856:20120120:170921.385 End of check_modem_result():SUCCEED
   856:20120120:170921.385 End of read_gsm():SUCCEED
   856:20120120:170921.385 Write to GSM modem [Host xyz is unreachable: PROBLEM]
   856:20120120:170921.385 Write to GSM modem [^Z]
   856:20120120:170921.385 In read_gsm() [+CMGS: ] [NULL] [NULL] [NULL]
   856:20120120:170921.489 Read from GSM modem [^M]
   856:20120120:170921.489 In check_modem_result()
   856:20120120:170921.489 End of check_modem_result():FAIL
   856:20120120:170921.489 End of read_gsm():FAIL
   856:20120120:170921.489 Write to GSM modem [^MESC^Z]
   856:20120120:170921.489 In read_gsm() [] [NULL] [NULL] [NULL]
   856:20120120:170921.489 Error during wait for GSM modem.
   856:20120120:170921.489 Read from GSM modem []
   856:20120120:170921.489 End of read_gsm():SUCCEED
   856:20120120:170921.494 End of send_sms():FAIL
   856:20120120:170921.494 End execute_action()
   856:20120120:170921.494 Error sending alert ID [62]

After some research I figured out that it probably would be a better idea to write a wrapper-script to implement the SMS functionality. There is actually a way to fix this AT command sequence issue, but it would require recompiling some parts of Zabbix (which is not an option for me, as I use the Debian packaged Zabbix). To interface with the modem, I am finally using Gnokii:


port = /dev/ttyUSB1
model = AT
connection = serial

Thats the script I use to send the alerts to (taken straight from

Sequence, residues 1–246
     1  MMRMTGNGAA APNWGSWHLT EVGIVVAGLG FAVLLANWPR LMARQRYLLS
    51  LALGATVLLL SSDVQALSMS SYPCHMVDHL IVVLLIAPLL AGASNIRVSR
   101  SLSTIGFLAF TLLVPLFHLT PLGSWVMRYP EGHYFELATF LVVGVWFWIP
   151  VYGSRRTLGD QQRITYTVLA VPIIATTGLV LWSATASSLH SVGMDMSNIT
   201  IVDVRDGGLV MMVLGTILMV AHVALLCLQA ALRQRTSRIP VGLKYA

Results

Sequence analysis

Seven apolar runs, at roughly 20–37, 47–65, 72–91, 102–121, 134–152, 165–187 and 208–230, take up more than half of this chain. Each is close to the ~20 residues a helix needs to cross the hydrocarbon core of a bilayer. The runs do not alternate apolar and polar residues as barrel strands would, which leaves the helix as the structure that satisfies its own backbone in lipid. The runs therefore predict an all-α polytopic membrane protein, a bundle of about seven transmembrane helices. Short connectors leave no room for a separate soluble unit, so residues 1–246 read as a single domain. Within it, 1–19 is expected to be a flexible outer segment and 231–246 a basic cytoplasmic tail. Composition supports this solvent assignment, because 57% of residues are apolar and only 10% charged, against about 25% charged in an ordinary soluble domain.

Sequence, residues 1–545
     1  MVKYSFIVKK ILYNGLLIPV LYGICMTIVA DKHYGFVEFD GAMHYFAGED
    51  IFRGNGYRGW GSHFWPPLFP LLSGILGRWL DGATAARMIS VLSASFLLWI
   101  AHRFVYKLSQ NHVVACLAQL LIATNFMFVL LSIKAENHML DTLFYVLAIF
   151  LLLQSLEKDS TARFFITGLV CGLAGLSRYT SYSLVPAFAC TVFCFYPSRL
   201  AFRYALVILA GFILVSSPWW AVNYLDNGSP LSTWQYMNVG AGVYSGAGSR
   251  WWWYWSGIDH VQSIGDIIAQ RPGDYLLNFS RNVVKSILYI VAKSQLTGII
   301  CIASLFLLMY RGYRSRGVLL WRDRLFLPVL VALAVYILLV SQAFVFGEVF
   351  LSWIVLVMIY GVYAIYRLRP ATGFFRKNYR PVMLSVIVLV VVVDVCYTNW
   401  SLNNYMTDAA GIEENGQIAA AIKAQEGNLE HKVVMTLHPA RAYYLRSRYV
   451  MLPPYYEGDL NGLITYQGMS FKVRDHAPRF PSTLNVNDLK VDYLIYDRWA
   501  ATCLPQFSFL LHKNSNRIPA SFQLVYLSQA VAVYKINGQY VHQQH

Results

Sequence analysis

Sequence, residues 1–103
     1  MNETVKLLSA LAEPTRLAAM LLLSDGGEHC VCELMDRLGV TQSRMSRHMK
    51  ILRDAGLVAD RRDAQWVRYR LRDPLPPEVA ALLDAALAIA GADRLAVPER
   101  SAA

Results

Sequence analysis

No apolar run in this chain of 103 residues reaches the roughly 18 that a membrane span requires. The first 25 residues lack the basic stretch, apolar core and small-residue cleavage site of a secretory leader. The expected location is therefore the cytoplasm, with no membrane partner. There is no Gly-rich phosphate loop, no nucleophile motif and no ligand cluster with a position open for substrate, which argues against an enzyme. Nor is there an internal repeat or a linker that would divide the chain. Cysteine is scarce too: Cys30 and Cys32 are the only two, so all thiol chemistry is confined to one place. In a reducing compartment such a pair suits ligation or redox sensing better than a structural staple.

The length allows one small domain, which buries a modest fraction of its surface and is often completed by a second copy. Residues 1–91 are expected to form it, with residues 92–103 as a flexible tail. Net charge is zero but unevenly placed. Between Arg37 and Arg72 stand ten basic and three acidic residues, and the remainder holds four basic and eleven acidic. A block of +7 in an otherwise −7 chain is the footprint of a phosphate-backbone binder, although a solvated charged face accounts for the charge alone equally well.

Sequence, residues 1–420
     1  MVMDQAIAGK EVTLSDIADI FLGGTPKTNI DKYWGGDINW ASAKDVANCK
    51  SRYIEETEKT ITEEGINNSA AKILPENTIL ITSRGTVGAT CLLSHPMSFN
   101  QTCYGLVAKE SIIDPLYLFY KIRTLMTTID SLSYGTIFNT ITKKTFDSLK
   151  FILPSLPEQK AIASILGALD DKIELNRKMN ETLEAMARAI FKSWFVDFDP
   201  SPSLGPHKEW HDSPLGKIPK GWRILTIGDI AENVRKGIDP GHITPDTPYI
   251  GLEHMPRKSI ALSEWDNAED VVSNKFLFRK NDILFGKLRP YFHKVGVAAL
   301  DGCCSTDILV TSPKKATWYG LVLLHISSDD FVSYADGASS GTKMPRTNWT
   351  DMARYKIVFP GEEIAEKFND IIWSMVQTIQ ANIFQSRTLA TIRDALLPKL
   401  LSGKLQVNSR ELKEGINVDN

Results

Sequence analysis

echo "To: '$1' Text: '$3'" >> ${LOGFILE} 
PHONENR=`echo "$1" | sed s#\s##` 
/bin/echo "$3" | /usr/bin/gnokii --config /etc/zabbix/gnokii.conf --sendsms "${PHONENR}" 1>>${LOGFILE} 2>&1

Here are some screenshots on how to configure the SMS alert in the Zabbix GUI:


Monitoring ESX servers with Zabbix

Install the Zabbix monitoring agent binaries
Installing the Zabbix agent is quite simple, you could try the RedHat RPMs… I tried with the generic Linux 2.6.x binaries and it worked.
The only thing you have to consider, that the ESX console doesn’t come with wget, so you probably will have to SCP the rpm package to your ESX server.

Create a Firewall rule for the in- and outbound monitoring ports used by Zabbix
There are two ways of doing that:

  1. Issuing the following commands on the ESX command console – nice, but annoying for more that two ESXes:
    esxcfg-firewall -openPort 10050,tcp,in,zabbixClient
    esxcfg-firewall -openPort 10051,tcp,out,zabbixServer
  2. Or creating a XML file which holds the definition of the rule, which later allows more convenient handling (activating or deactivating) of the rule through the vSphere Client GUI – neat for larger farms of ESX servers.

Here is what you need to do to implement the second option (works for ESX 4):

  • Connect to the ESX console and create a new XML file in /etc/vmware/firewall called zabbixMonitoring.xml
  • Contents of /etc/vmware/firewall/zabbixMonitoring.xml:
    <!-- Firewall configuration information for Zabbix Monitoring system -->
     <rule id='0000'>
     <port type='dst'>10050</port>
     <flags>-m state --state NEW</flags>
     <rule id='0001'>
     <port type='dst'>10051</port>
     <flags>-m state --state NEW</flags>
  • Restart the VMware management service: service mgmt-vmware restart
  • Connect to the ESX server and enable the Zabbix Monitoring rule in the vSphere Client GUI